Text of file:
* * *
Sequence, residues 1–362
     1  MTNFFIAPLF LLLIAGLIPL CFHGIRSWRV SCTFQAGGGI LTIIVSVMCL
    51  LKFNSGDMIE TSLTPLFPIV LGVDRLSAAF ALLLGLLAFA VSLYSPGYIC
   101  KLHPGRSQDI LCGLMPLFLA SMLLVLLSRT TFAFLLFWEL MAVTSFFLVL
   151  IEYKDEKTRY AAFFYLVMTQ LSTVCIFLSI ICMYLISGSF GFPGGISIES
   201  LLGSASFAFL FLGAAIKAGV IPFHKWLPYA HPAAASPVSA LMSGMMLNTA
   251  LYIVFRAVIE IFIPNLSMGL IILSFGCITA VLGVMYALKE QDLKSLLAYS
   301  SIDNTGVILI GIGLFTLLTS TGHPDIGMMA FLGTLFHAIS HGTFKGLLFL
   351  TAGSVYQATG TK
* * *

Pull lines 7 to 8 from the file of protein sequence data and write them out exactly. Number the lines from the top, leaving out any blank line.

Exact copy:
   251  LYIVFRAVIE IFIPNLSMGL IILSFGCITA VLGVMYALKE QDLKSLLAYS
   301  SIDNTGVILI GIGLFTLLTS TGHPDIGMMA FLGTLFHAIS HGTFKGLLFL